KUALA LUMPUR -- Malaysia-based AirAsia Group, owned by aviation tycoon Tony Fernandes, is shutting down its Japan operations with an announcement slated for early next week, Nikkei Asia has learned, as the region's largest no-frills carrier struggles with grounded aircraft while most international borders remain closed as a result of the coronavirus pandemic.
A source close to the company told Nikkei that AirAsia's directors, who met on Monday at the airline's headquarters near Kuala Lumpur International Airport, have decided to wind up the operations of AirAsia Japan -- a joint venture between AirAsia and Japanese partners.
AirAsia Japan has informed the Aichi local government of its intention to give up the business, Kyodo reported on Wednesday citing an unnamed official. The company has two aircraft based at Nagoya Chubu Centrair International Airport in Aichi.
According to the airline's stock exchange filing last month, AirAsia has an equity interest of 66.91% in AirAsia Japan with voting rights of 33%. The Japanese partners in the company include the country's leading e-commerce player Rakuten, Octave Japan Infrastructure Fund, cosmetics maker Noevir Holdings and sports equipment manufacturer Alpen.
"An announcement is expected next Monday" and the Japanese operation "will be closed down," said the source, who cannot be named as the information is private.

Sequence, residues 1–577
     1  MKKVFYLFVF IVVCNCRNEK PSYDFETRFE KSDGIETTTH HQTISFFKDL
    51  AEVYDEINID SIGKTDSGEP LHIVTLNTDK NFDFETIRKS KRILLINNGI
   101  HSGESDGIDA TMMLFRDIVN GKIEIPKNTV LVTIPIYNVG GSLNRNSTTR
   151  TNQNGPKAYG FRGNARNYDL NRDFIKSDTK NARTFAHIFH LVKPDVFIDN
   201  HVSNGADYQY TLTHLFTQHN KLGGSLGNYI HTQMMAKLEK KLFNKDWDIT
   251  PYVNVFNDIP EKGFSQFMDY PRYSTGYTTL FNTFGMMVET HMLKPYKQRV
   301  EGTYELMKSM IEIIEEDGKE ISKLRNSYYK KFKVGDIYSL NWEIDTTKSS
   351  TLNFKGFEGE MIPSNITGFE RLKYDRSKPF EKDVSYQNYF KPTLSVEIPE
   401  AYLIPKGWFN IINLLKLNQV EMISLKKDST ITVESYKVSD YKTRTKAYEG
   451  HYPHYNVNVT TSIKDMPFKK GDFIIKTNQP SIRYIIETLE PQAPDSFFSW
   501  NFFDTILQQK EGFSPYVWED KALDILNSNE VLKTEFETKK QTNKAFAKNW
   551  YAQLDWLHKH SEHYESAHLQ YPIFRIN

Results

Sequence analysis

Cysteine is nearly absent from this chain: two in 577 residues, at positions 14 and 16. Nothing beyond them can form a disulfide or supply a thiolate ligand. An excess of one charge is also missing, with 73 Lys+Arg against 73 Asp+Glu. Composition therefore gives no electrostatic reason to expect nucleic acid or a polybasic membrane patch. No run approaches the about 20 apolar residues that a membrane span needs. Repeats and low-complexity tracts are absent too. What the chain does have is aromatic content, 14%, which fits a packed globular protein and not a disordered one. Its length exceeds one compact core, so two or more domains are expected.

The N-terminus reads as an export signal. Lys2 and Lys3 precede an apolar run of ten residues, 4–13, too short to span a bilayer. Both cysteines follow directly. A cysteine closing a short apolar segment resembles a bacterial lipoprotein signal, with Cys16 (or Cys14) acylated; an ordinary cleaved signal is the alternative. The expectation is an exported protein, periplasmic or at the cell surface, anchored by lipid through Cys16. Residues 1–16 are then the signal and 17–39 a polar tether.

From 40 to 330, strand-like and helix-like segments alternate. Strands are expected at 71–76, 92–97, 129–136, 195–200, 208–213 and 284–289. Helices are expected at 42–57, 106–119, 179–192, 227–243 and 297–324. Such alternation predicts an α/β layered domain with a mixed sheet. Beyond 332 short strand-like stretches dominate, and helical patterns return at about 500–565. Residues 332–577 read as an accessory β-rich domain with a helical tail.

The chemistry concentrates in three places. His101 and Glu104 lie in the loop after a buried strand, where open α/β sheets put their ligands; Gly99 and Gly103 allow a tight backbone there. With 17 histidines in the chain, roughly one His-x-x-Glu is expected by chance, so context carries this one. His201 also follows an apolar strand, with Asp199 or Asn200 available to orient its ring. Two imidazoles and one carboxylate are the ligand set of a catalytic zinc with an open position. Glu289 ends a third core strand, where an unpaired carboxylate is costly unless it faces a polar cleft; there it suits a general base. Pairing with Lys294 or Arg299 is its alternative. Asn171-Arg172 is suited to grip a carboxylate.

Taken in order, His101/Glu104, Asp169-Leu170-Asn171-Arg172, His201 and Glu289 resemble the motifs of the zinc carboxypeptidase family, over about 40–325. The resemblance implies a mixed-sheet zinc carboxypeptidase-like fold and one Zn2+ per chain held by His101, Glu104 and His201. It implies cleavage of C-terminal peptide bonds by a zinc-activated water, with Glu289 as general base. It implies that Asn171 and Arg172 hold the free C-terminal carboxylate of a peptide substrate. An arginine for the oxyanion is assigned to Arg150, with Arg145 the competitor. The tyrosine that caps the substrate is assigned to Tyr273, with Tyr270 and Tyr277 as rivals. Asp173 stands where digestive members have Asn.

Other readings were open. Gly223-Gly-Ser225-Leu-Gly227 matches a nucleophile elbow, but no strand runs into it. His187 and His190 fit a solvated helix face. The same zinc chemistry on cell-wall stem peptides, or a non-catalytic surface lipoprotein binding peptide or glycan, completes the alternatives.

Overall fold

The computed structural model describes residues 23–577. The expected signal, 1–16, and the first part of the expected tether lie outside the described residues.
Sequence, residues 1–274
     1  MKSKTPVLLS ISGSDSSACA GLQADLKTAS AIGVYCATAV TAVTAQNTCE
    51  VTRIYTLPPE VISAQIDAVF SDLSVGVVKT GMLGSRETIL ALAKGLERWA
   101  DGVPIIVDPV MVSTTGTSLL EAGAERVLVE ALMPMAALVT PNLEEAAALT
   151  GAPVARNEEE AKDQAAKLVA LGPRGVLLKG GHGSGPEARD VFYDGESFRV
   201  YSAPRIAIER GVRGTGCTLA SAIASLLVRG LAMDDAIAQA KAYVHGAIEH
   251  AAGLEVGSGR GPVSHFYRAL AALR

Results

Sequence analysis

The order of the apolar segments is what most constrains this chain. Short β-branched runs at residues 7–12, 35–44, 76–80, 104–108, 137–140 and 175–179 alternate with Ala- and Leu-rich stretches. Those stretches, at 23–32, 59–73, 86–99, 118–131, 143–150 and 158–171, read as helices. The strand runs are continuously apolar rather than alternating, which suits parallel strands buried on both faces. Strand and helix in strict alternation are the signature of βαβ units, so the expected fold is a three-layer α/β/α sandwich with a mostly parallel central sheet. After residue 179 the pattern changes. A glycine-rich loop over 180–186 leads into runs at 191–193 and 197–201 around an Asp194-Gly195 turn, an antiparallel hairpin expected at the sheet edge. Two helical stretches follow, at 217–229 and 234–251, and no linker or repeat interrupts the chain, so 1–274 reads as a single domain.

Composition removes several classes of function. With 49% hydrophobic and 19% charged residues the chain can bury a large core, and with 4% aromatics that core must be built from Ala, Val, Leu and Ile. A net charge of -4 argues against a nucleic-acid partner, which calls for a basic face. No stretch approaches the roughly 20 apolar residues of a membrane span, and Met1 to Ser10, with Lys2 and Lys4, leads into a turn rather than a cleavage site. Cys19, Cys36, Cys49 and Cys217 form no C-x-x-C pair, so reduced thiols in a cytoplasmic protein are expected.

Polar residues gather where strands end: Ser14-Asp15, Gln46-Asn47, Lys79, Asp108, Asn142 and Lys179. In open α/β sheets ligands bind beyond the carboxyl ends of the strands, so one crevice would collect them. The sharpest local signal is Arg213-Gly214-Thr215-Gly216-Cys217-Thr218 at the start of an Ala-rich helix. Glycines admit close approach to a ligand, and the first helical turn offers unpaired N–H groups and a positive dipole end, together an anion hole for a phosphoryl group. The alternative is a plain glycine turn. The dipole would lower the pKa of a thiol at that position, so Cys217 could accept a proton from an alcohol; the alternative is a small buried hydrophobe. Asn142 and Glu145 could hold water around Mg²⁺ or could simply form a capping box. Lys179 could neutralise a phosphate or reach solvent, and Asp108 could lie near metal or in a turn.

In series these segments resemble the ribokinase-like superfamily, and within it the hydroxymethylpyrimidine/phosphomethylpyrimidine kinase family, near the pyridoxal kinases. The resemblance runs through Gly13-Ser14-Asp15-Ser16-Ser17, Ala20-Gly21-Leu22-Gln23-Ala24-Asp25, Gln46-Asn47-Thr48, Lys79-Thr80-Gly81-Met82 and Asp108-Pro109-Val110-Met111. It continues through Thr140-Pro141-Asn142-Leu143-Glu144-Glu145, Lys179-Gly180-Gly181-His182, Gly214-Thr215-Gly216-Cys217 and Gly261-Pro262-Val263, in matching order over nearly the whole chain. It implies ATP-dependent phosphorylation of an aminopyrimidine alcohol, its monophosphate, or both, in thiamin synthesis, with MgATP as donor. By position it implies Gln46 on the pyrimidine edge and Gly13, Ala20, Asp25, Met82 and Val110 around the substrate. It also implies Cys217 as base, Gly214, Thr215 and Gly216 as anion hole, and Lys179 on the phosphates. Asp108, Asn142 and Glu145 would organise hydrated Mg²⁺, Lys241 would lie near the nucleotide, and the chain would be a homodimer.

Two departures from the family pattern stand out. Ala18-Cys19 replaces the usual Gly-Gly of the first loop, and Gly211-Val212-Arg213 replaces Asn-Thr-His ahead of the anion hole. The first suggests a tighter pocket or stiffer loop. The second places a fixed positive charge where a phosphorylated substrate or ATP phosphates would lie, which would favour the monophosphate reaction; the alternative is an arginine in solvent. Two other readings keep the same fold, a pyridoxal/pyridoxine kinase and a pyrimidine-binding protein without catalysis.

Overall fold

The person said factors contributing to the decision include that AirAsia Japan stopped selling tickets earlier this month, lack of demand and gloomy prospects for travel in Japan.
AirAsia had previously failed in its maiden attempt to establish a low-cost carrier in Japan. Its joint-venture with ANA Holdings' All Nippon Airways fell through just over a year after the original AirAsia Japan was launched in August 2012. ANA purchased AirAsia's stake in the carrier to operate as wholly-owned budget carrier Vanilla Air. The current incarnation of AirAsia Japan was launched in 2017.
In an interview with Nikkei in July, Fernandes revealed that AirAsia needs to raise 2 billion ringgit ($480 million) in the next six months to be in a "very comfortable" position, and was already on the way to securing 1 billion ringgit at that time.
"At 1 billion ringgit, we are comfortable," Fernandes said in his Kuala Lumpur office. "But if we can raise 2 billion ringgit, we would be in a very comfortable position," he added. The airline is aiming for a portion of the funding to come from a rights issuance expected to be completed within four months from now. According to Fernandes, the new shares would be subscribed to by a third-party investor.